At the very moment that Thom is being evicted from his place, Claire (Amber Jaeger), a professional business woman who works for a non-profit organization, has an argument with her husband, whom she suspects of cheating on her. That is only the start of the bad news for her, as she soon receives a phone call informing her that her father in California has suffered a heart attack. Stunned and without any real focus in her life, she heads out of her office down to the street and flags a cab - which, of course, is the one Thom is driving. 

Her request to Thom is simple - drive, don't worry about where, just drive. She can't handle all the bad news at the moment and she needs to be alone with her thoughts. Thom wants to get a handle on her situation, but he knows better, so keeps his mouth shut and does exactly what he's told - he drives. In fact, he drives so far that the next morning, they wind up in the middle of Pennsylvania!

Claire needs to get to California to see her father, but Thom doesn't know why, so when she tells him her proposed destination, he balks at this, until she tells him she will pay him a total of $1000 a day, plus room and board. Thom agrees and it's off on their cross-country tour.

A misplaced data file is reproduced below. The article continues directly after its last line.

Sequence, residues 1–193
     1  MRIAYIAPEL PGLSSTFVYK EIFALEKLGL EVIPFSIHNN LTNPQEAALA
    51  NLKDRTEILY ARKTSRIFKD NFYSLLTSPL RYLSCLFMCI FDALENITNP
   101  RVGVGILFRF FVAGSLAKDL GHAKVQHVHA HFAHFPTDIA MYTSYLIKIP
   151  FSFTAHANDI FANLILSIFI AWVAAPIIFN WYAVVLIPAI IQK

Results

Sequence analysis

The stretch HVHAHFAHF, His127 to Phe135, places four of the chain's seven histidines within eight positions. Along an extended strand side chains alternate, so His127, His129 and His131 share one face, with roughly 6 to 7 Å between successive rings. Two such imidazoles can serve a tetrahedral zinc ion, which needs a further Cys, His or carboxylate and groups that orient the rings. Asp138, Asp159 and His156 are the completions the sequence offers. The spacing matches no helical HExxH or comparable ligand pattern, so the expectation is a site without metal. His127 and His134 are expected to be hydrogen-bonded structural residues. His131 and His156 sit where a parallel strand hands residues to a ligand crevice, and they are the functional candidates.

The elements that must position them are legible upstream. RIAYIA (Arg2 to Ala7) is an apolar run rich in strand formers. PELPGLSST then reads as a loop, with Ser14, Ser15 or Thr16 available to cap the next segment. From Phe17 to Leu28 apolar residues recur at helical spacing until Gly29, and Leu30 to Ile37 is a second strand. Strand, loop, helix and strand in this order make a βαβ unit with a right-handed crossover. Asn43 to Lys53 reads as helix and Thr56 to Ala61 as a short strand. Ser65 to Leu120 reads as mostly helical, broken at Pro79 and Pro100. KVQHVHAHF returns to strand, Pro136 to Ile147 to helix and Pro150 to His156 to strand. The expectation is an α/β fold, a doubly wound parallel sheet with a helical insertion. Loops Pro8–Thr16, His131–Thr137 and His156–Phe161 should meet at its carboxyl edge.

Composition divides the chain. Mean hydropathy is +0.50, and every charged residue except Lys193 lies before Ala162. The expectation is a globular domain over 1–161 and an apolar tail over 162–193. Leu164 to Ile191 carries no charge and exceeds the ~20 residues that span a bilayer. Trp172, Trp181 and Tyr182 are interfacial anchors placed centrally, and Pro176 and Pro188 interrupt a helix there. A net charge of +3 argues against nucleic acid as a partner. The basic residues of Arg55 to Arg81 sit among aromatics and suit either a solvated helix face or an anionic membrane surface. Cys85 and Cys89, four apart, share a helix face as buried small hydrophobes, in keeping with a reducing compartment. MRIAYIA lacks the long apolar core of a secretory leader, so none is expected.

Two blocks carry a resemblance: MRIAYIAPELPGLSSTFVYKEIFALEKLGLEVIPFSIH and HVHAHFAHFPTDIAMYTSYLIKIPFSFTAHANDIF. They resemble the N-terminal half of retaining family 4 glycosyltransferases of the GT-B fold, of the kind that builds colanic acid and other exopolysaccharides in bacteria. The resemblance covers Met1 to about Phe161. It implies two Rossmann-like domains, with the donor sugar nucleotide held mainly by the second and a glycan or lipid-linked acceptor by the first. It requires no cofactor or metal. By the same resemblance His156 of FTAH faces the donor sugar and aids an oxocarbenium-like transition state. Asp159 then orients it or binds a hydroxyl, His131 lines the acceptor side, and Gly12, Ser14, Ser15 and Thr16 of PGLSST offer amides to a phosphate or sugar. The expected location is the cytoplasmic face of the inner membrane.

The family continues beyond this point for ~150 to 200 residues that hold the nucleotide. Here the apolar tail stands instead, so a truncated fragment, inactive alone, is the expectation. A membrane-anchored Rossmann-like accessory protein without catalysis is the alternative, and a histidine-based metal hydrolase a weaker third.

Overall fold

Along the way, Thom and Claire learn about each other and the deceptions in their lives. At first, it's man versus woman, but ultimately as the journey goes sour and they run short on money, they turn to basic survival. One of the most clever sequences takes place when they pull up the cab at the airport in Omaha to pick up fares. They charge one passenger $48 for the adventurous journey to his house, but when he complains that it's normally $25, that's what they accept. They work this scheme for a little while longer and pick up some gas and food money, but they need to move on.

Another scene that works quite well takes place after Claire decides to take over the wheel for one evening. I won't give any plot details away here, but the location at which they wind up is one that forces them to look at who they are, what they are doing and ultimately, what each one is running away from. This is a critical scene in the film that is quite well written and nicely directed.

If there were more scenes such as this, I would have given a strong recommendation to Take Me Home. However, as I mentioned earlier, the film does play cute from time to time, which adds little to the overall qualities of this work. The characters are nicely defined and portrayed, but there are too many predictable scenes, as when they meet Thom's parents. How we meet them is a surprise, but as the scene plays out, it  just doesn't have the uniqueness of other moments in the film.